In the last weeks of the semester, it's easy -- even expected -- for college students to spiral down into an inescapable abyss of stress caused by extra homework, studying, packing, and moving out. And, for some students, everyday stress-relievers like facemasks and candles aren't enough to mitigate these high-stress levels; it might be necessary to try something new. One easy, straightforward de-stressor is journaling.

"Journaling can be a great stress reducer through organizing one's thoughts, clearing one's mind, and facilitating problem-solving," wrote health and well-being educator Lisa Tams for Michigan State University.

Stream-of-consciousness journaling is likely the most straightforward way to clear your mind. Write down your thoughts and feelings as they come -- whether they are good or bad, whether they make sense or not -- throw them all out onto the page.

According to Tams, this act "forces you to focus on internal awareness of the present and process thoughts and emotions in the here-and-now," allowing you to clearly channel your focus into what is truly important to you, reducing your overall stress.

If you don't know where to start or simply can't untangle your thoughts, consider using a prompt. Confession: I have a Pinterest board dedicated to writing prompts like "right now I'm struggling with…" and "my life in five years looks like…." Prompts like these can help you unravel the root of your stress and begin to solve problems, or they can exercise your imagination and take your mind off of current stressors.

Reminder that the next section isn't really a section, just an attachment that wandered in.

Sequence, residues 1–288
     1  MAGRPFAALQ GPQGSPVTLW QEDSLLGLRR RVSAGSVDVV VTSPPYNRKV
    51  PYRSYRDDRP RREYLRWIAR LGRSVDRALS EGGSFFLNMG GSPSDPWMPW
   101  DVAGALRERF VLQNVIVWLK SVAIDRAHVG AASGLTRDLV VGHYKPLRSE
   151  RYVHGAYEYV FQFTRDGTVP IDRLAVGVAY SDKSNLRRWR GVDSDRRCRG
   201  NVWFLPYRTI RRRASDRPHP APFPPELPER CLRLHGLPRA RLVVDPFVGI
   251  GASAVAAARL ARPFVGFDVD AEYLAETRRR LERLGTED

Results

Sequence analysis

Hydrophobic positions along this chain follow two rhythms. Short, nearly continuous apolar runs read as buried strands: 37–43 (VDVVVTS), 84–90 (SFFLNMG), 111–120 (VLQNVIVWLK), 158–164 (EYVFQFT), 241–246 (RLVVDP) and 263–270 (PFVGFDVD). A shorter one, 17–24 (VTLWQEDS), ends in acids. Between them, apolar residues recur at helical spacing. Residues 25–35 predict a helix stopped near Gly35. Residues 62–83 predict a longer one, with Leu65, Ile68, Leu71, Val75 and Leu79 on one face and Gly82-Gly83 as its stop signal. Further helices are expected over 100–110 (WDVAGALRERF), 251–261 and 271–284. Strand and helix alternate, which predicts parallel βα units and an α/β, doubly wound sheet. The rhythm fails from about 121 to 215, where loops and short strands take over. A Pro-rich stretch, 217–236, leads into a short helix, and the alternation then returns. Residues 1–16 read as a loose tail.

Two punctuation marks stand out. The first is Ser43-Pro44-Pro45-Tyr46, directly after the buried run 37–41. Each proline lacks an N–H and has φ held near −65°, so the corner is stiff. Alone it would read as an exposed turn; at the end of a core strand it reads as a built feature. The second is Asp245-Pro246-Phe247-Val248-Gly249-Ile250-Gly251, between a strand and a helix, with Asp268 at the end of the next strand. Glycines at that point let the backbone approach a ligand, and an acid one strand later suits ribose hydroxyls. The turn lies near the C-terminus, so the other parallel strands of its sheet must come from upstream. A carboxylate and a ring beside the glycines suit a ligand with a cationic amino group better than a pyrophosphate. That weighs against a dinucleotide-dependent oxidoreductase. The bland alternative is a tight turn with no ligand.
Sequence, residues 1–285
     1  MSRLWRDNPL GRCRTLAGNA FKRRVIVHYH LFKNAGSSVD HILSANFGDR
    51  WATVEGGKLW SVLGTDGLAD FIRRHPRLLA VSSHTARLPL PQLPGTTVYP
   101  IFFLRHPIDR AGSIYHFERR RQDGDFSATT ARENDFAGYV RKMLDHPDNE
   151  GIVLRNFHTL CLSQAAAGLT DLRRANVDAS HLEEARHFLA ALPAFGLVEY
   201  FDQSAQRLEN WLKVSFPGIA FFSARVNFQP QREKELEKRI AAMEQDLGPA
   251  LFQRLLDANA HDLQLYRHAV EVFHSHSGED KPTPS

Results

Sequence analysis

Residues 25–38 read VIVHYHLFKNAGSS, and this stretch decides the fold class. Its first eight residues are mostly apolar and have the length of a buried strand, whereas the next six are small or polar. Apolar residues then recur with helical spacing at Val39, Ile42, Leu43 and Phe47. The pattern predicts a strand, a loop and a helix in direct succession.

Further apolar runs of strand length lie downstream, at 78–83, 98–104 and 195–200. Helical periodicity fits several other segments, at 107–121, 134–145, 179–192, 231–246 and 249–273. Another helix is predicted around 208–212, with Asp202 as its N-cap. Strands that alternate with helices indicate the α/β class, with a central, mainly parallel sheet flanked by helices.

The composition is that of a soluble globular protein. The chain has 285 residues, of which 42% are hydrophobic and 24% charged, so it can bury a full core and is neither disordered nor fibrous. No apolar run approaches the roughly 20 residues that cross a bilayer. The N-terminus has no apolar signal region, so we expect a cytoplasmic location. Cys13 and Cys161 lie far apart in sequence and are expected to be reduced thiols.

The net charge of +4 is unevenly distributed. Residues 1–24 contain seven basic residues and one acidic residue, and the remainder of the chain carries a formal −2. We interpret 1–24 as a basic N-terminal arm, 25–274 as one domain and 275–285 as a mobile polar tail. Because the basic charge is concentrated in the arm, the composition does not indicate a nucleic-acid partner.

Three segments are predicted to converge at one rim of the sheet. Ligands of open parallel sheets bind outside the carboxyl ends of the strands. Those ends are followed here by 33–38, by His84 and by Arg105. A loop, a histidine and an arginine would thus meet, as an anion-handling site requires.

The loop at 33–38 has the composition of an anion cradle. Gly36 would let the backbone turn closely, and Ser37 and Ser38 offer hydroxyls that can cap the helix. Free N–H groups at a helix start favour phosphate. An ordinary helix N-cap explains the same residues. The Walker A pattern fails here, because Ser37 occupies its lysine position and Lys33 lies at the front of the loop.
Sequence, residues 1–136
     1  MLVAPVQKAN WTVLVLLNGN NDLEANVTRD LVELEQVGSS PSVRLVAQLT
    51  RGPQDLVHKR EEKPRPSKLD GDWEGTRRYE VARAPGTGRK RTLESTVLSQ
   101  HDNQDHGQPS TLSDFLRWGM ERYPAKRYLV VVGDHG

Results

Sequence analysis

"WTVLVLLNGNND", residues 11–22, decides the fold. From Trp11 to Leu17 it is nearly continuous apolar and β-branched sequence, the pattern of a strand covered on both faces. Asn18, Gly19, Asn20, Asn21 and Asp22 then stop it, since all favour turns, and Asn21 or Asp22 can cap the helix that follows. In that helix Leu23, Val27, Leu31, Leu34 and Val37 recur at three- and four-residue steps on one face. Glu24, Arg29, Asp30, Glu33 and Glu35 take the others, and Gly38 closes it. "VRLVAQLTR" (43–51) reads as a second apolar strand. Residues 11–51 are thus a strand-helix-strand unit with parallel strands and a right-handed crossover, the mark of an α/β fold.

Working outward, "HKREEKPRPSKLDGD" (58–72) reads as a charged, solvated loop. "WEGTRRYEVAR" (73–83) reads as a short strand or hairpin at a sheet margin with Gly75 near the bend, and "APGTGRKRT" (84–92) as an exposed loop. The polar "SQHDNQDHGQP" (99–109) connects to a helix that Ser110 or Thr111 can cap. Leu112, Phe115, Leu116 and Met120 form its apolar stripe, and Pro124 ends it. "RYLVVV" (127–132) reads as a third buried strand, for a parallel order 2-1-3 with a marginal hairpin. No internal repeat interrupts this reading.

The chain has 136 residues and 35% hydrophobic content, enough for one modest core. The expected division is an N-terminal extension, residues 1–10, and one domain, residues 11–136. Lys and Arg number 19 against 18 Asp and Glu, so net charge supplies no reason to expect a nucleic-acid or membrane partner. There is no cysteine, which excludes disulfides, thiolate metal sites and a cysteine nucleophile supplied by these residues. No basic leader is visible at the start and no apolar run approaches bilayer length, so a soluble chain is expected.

However, the journaling starting point that I repeat over and over again is gratitude. Sometimes I will simply write my blessings down in a numerical list as they come to mind, or sometimes I'll write in a prayer style -- for example, "Dear God, thank you for today. Thank you for waking me up, and please show me why. Thank you for the Florida sun -- it reminds me why I'm here. Thank you for every opportunity in store for me." Even a short entry like this is enough to calm me down significantly and shift my attitude towards thankfulness and healthy optimism, setting the tone for my day.

But journaling is not limited to mornings only; it can be extremely effective during study breaks or before bed as part of a winding-down routine. It can be customized to fit any preferences -- you get to choose what to write about, where to write, how to write. Do you like writing in a nice notebook with a juicy black pen? In your iPhone notes? In a Word document? Do you prefer to spill your thoughts onto page after page, or would you rather jot down ideas into quick, clear lists?

Experiment with different journaling methods to see what works best for you. Especially with finals week drawing near, journaling is a valuable stress-relief tool. As homework ramps up, try using journaling to stay clearheaded and focused through these last weeks of the semester.